Sharing Books and Authors, with an emphasis on Mysteries.
Saturday, February 02, 2013
The Road to Cardinal Valley by Earlene Fowler
It's been a while since I read Earlene Fowler's bestselling novel, The Saddlemaker's Wife. It came out in 2006, and, at the time, I thought it would be a standalone. Now, six years later, she picks up the story of Ruby McGavin, and throws readers a curve I didn't expect. The Road to Cardinal Valley is a perfect follow-up to the earlier story.
Ruby fell in love with some of the members of her late husband's family when she met them in Cardinal, California. And, Cole's brother, Lucas, fell hard for her. But, her own family life had been troubled, and when her brother, Nash, needed help in Nashville, she left Cardinal behind.
Now, Ruby brings Nash back to the only place that felt like home to her, hoping the community can heal her sick, alcoholic brother. Ruby's friends can see Nash is bringing trouble with him, but they keep quiet for her sake. It's only when Nash's drinking leads to a tragedy that Ruby knows she needs to reach out to their mother, a woman who left them years ago, throwing both of her children into the foster care system.
Once again, Fowler brings the people of this close-knit community to life. There's Lucas' Aunt Birch, who sees trouble coming, "Something wicked this way comes." There's his mother, a bitter woman who hates everyone. There's Lucas himself, at thirty-five still lost, looking for something, and he thinks it's Ruby. Ely Gray, an ex-con, recovering alcoholic, reformed troublemaker, is a friend to Lucas and Ruby, the confidante they both need. This is the community of friends that Ruby returns to, hoping they'll help heal her brother, as they helped her heal from the loss of the husband she barely knew. "The possibility of making Cardinal a real home, a place where she might live out her years, die among people who knew her name, was a desire so strong she was certain the world could see it like an actual mark on her forehead."
Fowler excels at creating realistic characters with all their flaws and fights and secret histories. And, she shows how people try to hide those secrets, even from themselves. Ruby was only in Cardinal for three weeks in the earlier book. She feared the people in town didn't really know her. "The woman in their imagination was likely not someone who came with the unruly baggage of a runaway mother, an uninvolved father and an alcoholic brother." Fowler beautifully captures the pain of a woman caught up in her family's history, tragedy, and alcoholism.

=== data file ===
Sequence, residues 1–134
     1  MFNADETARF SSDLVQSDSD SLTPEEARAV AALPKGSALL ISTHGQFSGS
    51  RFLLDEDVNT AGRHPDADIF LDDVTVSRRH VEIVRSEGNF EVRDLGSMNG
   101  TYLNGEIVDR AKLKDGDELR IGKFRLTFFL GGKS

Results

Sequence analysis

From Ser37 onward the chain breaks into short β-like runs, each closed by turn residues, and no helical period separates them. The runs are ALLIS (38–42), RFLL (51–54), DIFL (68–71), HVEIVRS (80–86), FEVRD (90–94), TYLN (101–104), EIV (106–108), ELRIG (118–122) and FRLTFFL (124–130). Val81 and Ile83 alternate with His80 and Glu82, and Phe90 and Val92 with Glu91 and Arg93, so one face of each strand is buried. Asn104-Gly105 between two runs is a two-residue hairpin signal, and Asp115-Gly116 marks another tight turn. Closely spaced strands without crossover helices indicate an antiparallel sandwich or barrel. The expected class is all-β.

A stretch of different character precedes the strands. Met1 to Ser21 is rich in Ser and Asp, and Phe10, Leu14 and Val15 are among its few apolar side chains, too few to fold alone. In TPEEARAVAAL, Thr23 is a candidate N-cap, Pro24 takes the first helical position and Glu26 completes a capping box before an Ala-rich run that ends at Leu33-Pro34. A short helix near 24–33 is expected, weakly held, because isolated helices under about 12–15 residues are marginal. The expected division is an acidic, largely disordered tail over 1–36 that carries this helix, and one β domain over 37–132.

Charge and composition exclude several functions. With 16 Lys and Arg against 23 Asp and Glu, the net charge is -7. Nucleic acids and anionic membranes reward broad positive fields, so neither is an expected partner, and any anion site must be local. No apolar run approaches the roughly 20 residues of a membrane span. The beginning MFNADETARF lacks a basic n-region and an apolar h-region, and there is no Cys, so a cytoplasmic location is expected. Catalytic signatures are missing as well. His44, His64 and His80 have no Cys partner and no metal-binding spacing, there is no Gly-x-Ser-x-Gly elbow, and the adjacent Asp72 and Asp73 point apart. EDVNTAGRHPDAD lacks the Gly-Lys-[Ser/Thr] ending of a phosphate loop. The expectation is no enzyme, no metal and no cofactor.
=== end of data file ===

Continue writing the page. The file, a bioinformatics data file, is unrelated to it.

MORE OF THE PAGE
Earlene Fowler admits she never set out to write mysteries. Her mysteries are really stories of relationships and families. The Road to Cardinal Valley isn't in her mystery series. It's a novel that allows her to explore families, their power to hurt us, and change us. It's a thoughtful, emotional story of a young woman, struggling to be strong while agonizing over her family history and problems. And, it's a powerful story of redemption, the ability of people to change. Not everyone will, or is willing to change, but sometimes kindness and love will make a difference. Anyone who read The Saddlemaker's Wife will welcome the lives that lead to The Road to Cardinal Valley.
I have been a library manager/administrator for over 30 years, in Ohio, Florida, Arizona, and, now, Indiana. Winner of the 2011 Arizona Library Association Outstanding Library Service Award. I am a contributing Book Reviewer for Library Journal, Mystery Readers Journal, ReadertoReader.com and VibrantNation.com. Winner of the 2009 and 2010 Spinetingler Awards for Best Reviewer. First Fan Guest of Honor for Desert Sleuths Chapter of Sisters in Crime, Write Now! Conference.
It's an honor to be asked to review books, and I'm grateful to all the publishers, publicists, and authors who send me books. Thank you. Reviews will appear on my blog if I've had a chance to read, and finish, the book. If I do not finish a book, I won't review it, and I will not respond to emails asking when, or if, I'll be reviewing a book.
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